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The Juan MacLean The Juan MacLeanDJ Kicks

8 / 10

The Juan MacLean DJ Kicks !K7 / POPSTOCK!

“The Future Will Come” (2009) was an album about the past, and it can’t even be called paradoxical, because The Juan MacLean’s music isn’t about experimentation or vanguards, it’s about sweating off your fat in a dark club until the sun comes up—everything else is optional. The second album of it’s career with DFA was different from the first, “Less Than Human” (2005), in that besides pop, electro and naughty disco music, MacLean also added a big dose of classic Chicago house to the 80’s equation, with stirring, crude beat-boxes, non-stop pounding, and metronome rhythms, sometimes sprinkled with a few acid drops. It was a more nocturnal, hedonistic, celebratory album than an explosive one, which only differed from their label colleagues, Hercules & Love Affair, in that Nancy Wang was always there to steer the excess of vintage house in other direction, and to claim Hi-Nrg and unisex synth-pop like The Human League. But Nancy’s not here, and there’s no reason to diversify the attention; called by the “DJ Kicks” series to mix their next series volume, John MacLean was clear about it: this is a shot of house with chunks of funk and constant allusions to that deep sound, both from Chicago and NY, that has been putting itself forward as a revival in action, and which all signs now show to be unstoppable.

The time frame that The Juan MacLean covers is from about 1987 to 1995, but with an interesting option in terms of choosing the songs for the mix: they are all inspired in that sound, a revival full of admiration, almost perfect copies of what were the old dubs of Masters At Work – “I Know You Were Right,” by Giom, the sound of jazz loops and crooners with echoes of the best soul like Jephté Guillaume did – 6th Borough Project– not to mention the obligatory trace of 303 twisting to the beat of a mechanical, imperative voice. “Here Today Gone Tomorrow” is brutal, with Florian Meindl, who has finally realised that everything goes better when he’s not trying to imitate James Holden; “Pieces Of Me,” from the Argentine Manuel Sahagún also deserves a round of applause. From the good old days, a few legends like the deceased Armando appear, although in an edit of “Don’t Take It” executed by Thomos, the boundary mark that creates the perverse final effect: it seems like a session based on forgotten B-sides and unclaimed classics. But what it really ends up being is a demonstration of the imitative quality, and just plain quality, of the aforementioned Windy City revival.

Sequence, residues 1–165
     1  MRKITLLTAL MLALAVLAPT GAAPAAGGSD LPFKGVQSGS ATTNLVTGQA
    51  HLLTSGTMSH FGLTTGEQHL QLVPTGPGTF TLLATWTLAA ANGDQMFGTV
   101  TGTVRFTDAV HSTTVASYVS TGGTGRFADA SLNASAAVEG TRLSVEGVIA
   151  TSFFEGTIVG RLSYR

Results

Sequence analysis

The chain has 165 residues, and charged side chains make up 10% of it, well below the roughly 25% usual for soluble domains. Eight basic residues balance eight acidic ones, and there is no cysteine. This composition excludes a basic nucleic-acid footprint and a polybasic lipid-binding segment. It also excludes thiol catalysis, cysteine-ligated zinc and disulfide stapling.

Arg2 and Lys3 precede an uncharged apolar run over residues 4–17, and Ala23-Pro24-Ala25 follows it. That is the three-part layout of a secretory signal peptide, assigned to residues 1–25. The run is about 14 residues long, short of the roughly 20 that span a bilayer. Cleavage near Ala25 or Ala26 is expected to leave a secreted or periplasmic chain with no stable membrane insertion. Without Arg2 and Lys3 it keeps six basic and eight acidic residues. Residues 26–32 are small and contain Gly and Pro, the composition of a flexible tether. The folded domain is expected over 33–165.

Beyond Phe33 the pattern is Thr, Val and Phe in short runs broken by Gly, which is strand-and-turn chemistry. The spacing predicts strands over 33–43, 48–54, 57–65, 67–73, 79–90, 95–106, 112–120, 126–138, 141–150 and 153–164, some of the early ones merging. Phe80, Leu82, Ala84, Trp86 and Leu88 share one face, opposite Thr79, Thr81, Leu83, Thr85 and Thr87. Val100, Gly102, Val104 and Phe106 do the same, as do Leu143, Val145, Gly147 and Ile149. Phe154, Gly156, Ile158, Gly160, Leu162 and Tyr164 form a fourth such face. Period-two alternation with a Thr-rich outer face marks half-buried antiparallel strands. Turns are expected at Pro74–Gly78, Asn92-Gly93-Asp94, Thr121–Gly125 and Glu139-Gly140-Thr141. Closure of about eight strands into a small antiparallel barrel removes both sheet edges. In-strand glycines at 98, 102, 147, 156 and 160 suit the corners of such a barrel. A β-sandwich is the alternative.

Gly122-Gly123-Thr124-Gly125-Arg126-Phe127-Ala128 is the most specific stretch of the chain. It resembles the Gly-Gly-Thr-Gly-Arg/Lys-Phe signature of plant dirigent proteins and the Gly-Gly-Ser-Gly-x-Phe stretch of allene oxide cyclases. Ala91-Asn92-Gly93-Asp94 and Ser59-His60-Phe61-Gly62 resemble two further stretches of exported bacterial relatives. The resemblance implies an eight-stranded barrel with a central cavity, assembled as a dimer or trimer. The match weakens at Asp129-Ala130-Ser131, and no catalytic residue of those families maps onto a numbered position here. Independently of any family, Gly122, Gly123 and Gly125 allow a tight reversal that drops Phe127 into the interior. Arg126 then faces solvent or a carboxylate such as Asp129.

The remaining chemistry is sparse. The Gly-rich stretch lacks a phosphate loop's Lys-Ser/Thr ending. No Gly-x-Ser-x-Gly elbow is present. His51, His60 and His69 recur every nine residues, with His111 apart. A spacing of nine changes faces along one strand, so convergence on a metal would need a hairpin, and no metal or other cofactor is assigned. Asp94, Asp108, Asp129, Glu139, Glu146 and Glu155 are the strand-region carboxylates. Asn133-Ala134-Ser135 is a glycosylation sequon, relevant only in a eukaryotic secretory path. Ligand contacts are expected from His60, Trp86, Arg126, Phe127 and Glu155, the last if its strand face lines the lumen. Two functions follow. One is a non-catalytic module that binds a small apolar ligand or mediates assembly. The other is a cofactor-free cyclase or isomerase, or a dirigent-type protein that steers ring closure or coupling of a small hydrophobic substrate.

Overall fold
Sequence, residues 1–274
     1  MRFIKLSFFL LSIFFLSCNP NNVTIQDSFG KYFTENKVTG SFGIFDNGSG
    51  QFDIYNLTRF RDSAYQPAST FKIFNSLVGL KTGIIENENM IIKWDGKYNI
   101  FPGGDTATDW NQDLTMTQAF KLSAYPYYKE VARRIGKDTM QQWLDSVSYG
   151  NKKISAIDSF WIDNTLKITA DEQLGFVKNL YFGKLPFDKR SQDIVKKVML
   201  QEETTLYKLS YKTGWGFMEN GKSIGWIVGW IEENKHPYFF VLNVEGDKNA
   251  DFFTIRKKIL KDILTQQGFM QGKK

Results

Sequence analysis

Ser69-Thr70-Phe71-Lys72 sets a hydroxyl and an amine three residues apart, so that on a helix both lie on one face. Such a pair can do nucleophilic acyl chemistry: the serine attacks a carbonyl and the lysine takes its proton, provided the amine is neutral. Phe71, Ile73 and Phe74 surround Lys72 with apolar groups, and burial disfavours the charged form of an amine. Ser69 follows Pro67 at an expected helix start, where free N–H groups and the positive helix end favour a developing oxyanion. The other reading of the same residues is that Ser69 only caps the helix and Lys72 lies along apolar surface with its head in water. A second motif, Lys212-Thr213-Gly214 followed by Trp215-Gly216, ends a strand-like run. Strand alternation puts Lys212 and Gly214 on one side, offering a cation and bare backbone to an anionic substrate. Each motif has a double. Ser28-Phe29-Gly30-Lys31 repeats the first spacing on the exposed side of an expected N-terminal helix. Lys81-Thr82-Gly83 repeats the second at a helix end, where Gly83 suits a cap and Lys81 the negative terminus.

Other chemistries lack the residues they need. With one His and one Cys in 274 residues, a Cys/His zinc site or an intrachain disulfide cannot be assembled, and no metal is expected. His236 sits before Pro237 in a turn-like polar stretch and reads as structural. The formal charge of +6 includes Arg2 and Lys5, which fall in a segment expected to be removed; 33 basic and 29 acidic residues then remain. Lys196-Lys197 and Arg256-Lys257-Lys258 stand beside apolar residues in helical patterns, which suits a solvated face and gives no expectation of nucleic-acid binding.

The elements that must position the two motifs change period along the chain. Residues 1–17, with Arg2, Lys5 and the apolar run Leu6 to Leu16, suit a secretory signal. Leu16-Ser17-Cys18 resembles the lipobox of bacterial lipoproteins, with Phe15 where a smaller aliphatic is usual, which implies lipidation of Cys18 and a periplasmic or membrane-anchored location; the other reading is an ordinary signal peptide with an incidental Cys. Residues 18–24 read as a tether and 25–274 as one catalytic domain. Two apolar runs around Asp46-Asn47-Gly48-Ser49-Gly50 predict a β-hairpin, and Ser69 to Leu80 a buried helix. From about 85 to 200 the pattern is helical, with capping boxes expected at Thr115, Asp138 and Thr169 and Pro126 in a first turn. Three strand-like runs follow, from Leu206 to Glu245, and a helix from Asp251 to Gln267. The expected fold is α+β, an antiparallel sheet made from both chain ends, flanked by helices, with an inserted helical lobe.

“Feel So Good,” the only song The Juan MacLean provided to the mix—followers of the “DJ Kicks” series already know that it’s the condition for signing the contract—is another brick in the wall of this new building in which we will once again go over the past with a magnifying glass: there are loops of disco and Hi-Nrg filtered to get that “air-blower” effect that always gets a whistle in the club. But the little more than three minutes that he lets it play, before splicing it into the second take of the Theo Parrish remix for Rick Wilhite ( “Get On Up!,” pure deep with Rhodes, like on the Guidance label), don’t do it justice: it’s ten minutes of hullabaloo and elegance on vinyl, ten minutes of flashback so that we remember how great house parties were, the positive vibe they gave off, how they cut to the chase. It’s also enough time to compare it with a lot of insipidness that is supposedly deep arriving from Europe, and which is to house what decaffeinated coffee is to the real thing, films are to .avi files, and condoms, to the penis. You could get on Juan MacLean’s case for being so shamelessly retro, but after the smile that a little over an hour puts on your face, what you’d rather do is give him a big hug and thank him. Really.

Richard Ellmann

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